Often you need to manage a set of consistently repeating events, where multiple issues are used to track the combined activity of a team. This page describes how to utilize GitLab Issue Import and a few spreadsheet tricks to make it possible to create a repeatable set of issues for future projects.
Import CSV button is at the top of the GitLab project issue list. This feature can be very useful for repeating projects with similar groups of issues / work.
You're familiar with the GitLab structure of how projects, groups, epics, milestones, issues, and labels work. If not, please review GitLab 101- No Tissues with Issues
You're comfortable working in a spreadsheet and using formulas to concatenate text into a cell. note: In my examples, I use the
& operator, which is the same as the
You have Developer permission level or higher in your project. (required to do issue import)
Your issues will be created in the same project. You can still do this for cross-project templates, but you will either need to MOVE issues to the destination project (can be automated) or more manually you would need to upload a separate CSV for each individual project. Check out this automation tutorial for how to automate moving an issue from one project to another.
Import CSVis really simple. It requires only two columns,
Import CSVis really powerful. It allows you to use the /Quick Actions to do cool things to your new issues like:
Decide what project structure will be for your set of issues. Specifically,
labelswill be used for the project,
sub-epicswill be used to track the work, and
milestoneswill you use for this work effort.
If these structures do not already exist in GitLab, configure them now.
First: - Two columns where the BASIC text of the issue title and description go.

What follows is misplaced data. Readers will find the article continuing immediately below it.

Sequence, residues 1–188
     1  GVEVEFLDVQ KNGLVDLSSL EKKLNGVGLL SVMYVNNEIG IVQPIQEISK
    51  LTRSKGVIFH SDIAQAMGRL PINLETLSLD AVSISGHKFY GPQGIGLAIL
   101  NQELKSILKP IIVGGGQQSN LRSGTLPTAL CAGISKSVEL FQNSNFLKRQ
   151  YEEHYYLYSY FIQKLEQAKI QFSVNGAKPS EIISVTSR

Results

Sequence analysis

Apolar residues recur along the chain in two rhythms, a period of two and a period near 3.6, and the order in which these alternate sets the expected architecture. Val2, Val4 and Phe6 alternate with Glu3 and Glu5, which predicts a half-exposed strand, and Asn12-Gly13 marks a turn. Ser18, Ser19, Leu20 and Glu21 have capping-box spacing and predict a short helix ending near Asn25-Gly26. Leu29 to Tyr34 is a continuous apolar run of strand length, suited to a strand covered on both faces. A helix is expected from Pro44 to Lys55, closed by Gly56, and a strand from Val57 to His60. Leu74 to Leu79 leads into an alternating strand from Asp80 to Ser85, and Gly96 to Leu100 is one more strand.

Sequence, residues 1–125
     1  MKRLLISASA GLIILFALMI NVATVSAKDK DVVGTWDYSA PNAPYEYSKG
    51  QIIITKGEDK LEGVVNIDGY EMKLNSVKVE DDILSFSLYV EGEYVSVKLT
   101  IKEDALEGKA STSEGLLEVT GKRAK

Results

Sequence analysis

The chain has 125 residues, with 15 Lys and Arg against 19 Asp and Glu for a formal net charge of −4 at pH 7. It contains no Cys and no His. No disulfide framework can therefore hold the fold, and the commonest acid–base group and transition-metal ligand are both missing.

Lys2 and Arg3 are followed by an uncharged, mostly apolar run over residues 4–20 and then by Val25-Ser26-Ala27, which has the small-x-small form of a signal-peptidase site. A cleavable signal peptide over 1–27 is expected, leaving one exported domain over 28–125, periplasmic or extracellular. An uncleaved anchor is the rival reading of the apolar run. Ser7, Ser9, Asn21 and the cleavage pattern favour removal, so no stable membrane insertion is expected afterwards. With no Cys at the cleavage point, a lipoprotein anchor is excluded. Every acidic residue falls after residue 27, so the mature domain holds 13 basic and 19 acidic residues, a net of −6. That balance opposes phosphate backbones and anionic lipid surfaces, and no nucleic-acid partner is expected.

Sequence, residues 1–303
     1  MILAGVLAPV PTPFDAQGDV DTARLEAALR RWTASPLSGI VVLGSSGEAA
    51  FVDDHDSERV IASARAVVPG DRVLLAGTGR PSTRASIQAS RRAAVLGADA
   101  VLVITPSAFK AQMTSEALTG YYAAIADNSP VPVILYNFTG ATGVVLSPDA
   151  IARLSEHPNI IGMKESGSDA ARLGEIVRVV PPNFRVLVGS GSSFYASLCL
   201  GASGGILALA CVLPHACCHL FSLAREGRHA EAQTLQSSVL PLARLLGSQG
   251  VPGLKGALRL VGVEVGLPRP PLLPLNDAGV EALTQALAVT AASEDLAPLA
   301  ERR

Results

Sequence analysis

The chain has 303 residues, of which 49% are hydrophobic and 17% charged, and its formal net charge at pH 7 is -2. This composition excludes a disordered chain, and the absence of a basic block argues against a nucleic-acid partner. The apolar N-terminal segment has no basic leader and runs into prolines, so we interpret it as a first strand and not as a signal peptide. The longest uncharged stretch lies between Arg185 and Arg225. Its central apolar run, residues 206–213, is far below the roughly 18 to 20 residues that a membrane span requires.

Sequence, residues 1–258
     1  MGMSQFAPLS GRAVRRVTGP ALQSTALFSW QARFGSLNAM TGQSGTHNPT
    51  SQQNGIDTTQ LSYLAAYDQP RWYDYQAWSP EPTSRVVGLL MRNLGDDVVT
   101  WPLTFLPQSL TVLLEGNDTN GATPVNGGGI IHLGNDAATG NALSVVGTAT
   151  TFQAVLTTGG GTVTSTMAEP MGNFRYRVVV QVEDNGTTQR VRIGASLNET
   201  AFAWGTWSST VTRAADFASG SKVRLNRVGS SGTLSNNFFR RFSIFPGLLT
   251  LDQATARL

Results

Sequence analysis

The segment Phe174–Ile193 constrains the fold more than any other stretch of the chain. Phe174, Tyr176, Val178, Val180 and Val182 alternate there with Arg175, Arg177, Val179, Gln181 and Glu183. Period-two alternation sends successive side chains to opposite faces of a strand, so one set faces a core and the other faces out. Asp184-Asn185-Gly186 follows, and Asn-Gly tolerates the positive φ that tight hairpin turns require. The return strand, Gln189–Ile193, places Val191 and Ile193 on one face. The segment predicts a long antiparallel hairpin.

raw description, These two columns is where you will enter the text for the titles and descriptions of your issues.
Second: Two columns where the actual text for the issue title and description are 'assembled'
descriptionThese two columns are actually just formulas that combine different cells to make up the Title and Description for your issues.
Third: One or more additional columns to hold issue specific QUICK ACTIONS. In these columns, you can add content such as;
labels, and more can be stored. In the example spreadsheet these columns each contain specific data for each issue:
When you're done it will look like this:
Fourth: If you want to have the same Label or the same Quick Action for ALL the issues. A cell at the top of the spreadsheet is a place for common Quick Actions
Note: it's often much easier to work in the Formula bar in google sheets, which makes it easier to enter multi line text in the cell.
Note: If you are using automation, you could use a label to promote the issue to be an epic or a label to automate moving the issue to another project, to make it confidential, or whatever you want to do with quick actions. Read this automation tutorial to learn more about how automation can update issues for you.
See this publicly available example import spreadsheet.
descriptioncells (including the column headers) and copy the contents.
paste as values. This will eliminate the formulas, but will keep the actual values.
Import Issuesbutton and wait for the magic to happen.
Quick Actioncodes. Then, copy and paste the
quick actionsto your spreadsheet. That way your
quick actionswill not have typos or errors.
issue created date). However, if you list your spreadsheet in the reverse order, then your last issues will be loaded first. That means they will be OLDER, and therefore listed last in GitLab issue lists.